Martin D Weiss of Weiss Ratings announced through his market newsletter Money and Markets that he is assigning a rating of “C” to US debt, which is two levels above junk. The US is 33rd among the 47 sovereigns covered by Weiss Ratings, above Ireland, Greece and Portugal; but below China, the Philippines, Indonesia, and even Mexico.
Weiss has not wavered from his view that the US is traveling down the path of insolvency, and ultimately default, on its sovereign obligations. It’s hard to argue with the premise. Deficits of a trillion or more dollars per year seem politically inevitable, adding more and more accumulated debt each second. At some point, the debt, which is already roughly 80% of gross domestic product, will become unmanageable. Things that can’t continue indefinitely don’t, and the US cannot continue to accrue deficits and accumulate debt indefinitely. At some point, credit will run dry.
Yet the official debt and deficit numbers hardly capture the true precariousness of the US fiscal situation. Never minding Medicare and Social Security, the two entitlement behemoths that must be reformed before there can be any legitimate hope of balancing the budget, since the financial crisis, the US has explicitly or implicitly become the guarantor of the debts for a huge swath of the economy. Banks, mortgage companies, car finance companies and even car companies owe their survival and existence to their US backing. Anyone that believes the FDIC operates to limit government liability for bank deposits is foolhardy, and bank deposits total about $5 trillion. Likewise the obligations of the former government sponsored enterprises that are now under government conservatorship. There’s another $5 trillion or so. Likewise the junk paper sitting on the Fed’s balance sheet that helped the economy ride out the hangover caused by its Bacchanalian credit orgy of the aughts. That’s about $2.7 trillion. Let’s say losses on all of these obligations only come to about half during the coming economic decline. That’s another $6 or so trillion that the US government doesn’t have.
The mechanism for default will not involve simply failing to pay. No, all US dollar-denominated obligations will be paid in full. That’s the beauty of borrowing money in the same currency as you have a monopoly on printing. Default will most likely come through dollar devaluation, as Weiss warns. Another word for devaluation is inflation, such as we are even now seeing in commodities markets worldwide.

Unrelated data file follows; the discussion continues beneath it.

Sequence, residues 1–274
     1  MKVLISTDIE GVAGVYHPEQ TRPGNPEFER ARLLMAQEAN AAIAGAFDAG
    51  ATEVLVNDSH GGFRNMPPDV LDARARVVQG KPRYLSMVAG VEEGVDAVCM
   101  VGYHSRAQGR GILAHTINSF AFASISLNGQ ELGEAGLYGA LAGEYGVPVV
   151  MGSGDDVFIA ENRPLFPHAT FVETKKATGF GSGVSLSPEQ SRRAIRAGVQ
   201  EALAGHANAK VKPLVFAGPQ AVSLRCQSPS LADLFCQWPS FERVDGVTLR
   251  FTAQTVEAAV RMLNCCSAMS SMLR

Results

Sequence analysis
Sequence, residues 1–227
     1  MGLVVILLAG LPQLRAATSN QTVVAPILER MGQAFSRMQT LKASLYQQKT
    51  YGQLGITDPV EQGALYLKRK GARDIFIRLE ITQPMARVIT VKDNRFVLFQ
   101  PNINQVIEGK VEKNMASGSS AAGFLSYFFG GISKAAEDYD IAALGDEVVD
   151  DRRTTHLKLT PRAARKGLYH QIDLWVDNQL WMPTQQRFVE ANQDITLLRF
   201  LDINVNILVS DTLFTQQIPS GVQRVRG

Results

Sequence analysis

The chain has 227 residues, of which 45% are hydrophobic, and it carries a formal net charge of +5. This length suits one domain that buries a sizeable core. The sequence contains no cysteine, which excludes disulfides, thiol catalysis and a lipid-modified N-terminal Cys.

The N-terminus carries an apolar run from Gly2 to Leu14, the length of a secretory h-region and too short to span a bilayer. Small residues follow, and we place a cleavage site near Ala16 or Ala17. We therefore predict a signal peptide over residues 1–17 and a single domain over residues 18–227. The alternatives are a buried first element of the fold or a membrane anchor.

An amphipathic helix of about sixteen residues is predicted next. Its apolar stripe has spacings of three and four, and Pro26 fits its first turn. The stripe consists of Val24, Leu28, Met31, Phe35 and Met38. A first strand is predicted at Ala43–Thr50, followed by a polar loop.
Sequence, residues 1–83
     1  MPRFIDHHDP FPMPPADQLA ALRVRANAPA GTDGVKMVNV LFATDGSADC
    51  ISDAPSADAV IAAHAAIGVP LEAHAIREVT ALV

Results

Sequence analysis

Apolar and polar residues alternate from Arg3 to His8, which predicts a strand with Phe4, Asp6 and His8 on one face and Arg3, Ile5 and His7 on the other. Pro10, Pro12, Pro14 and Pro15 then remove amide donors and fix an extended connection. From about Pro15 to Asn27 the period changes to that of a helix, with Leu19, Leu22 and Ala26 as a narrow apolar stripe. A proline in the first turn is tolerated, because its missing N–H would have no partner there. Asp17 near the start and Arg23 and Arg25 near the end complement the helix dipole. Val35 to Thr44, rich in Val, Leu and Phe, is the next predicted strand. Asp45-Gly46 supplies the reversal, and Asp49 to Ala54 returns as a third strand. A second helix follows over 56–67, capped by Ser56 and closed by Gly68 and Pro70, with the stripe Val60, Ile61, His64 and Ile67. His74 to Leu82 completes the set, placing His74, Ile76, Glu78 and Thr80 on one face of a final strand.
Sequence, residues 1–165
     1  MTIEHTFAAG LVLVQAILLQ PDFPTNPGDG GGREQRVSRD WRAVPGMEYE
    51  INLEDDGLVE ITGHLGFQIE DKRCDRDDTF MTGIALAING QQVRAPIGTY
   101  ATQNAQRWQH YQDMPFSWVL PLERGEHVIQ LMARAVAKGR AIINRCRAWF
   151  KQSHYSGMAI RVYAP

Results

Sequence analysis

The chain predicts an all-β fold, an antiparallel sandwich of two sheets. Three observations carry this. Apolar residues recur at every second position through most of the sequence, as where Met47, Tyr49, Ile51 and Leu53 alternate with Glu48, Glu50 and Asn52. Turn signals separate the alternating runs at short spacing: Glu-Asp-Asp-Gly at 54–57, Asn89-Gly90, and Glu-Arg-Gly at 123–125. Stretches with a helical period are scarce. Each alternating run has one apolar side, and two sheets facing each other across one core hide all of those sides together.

Weiss is not just some crank that gets his prognostications correct like a clock on the wall is correct twice a day. He called the financial crisis before it happened, along the way emphasizing the core weaknesses of the US and Western Europe financial system. I’m sure market professional would consider him something of a perma-bear, and from a long-term perspective, I suppose he is. But I don’t trade short-term. For a little guy like me, I think trying to game the market short-term is about as futile as trying to hide from an F5 tornado. I want to know and understand big trends (somewhat unlike the inappropriately named The Big Picture blog, which is fine, but is more about minutiae than the big picture). And the big picture reality is that nothing really has changed between now and two years ago except that the US has assumed liability for the debt underpinning vast swaths of the economy. Private losses have been socialized. The moral hazard of risk indemnification means that even now gargantuan risks are accumulating. But the next leg down, the US government will not be able to indemnify the losses without destroying what little of its fiscal credibility that remains.
Weiss will be mostly ignored, when he’s not being ridiculed, by mainstream financial punditry. But the same principle that purports to justify taking action over anthropogenic global warming–that the risk of not doing anything is huge, so even if there’s no certainty about the problem, something must be done–is the same that should drive concerns over the near-future fiscal condition of these United States. It may be that the US works its way out of this mess. But it may also be (and more likely is, in my view) that it doesn’t. The repercussions will be financially catastrophic for those that don’t take measures to protect themselves. Incidentally the same smooth, “in the know” financial pundits that ridicule Weiss will be the ones that, if asked at a cocktail party about global warming, would bemoan the Neanderthal deniers, and how they are too stupid to understand the riskiness of the situation. Which shows that the source of their evaluation, both financial and regards AGW, is not evidence, but the opinions of others.
I think Weiss is correct to warn of the fiscal dangers and challenges faced by the US. I can do the math, and I can discount the political calculus. Frankly, I think he’s right. The future is not looking bright.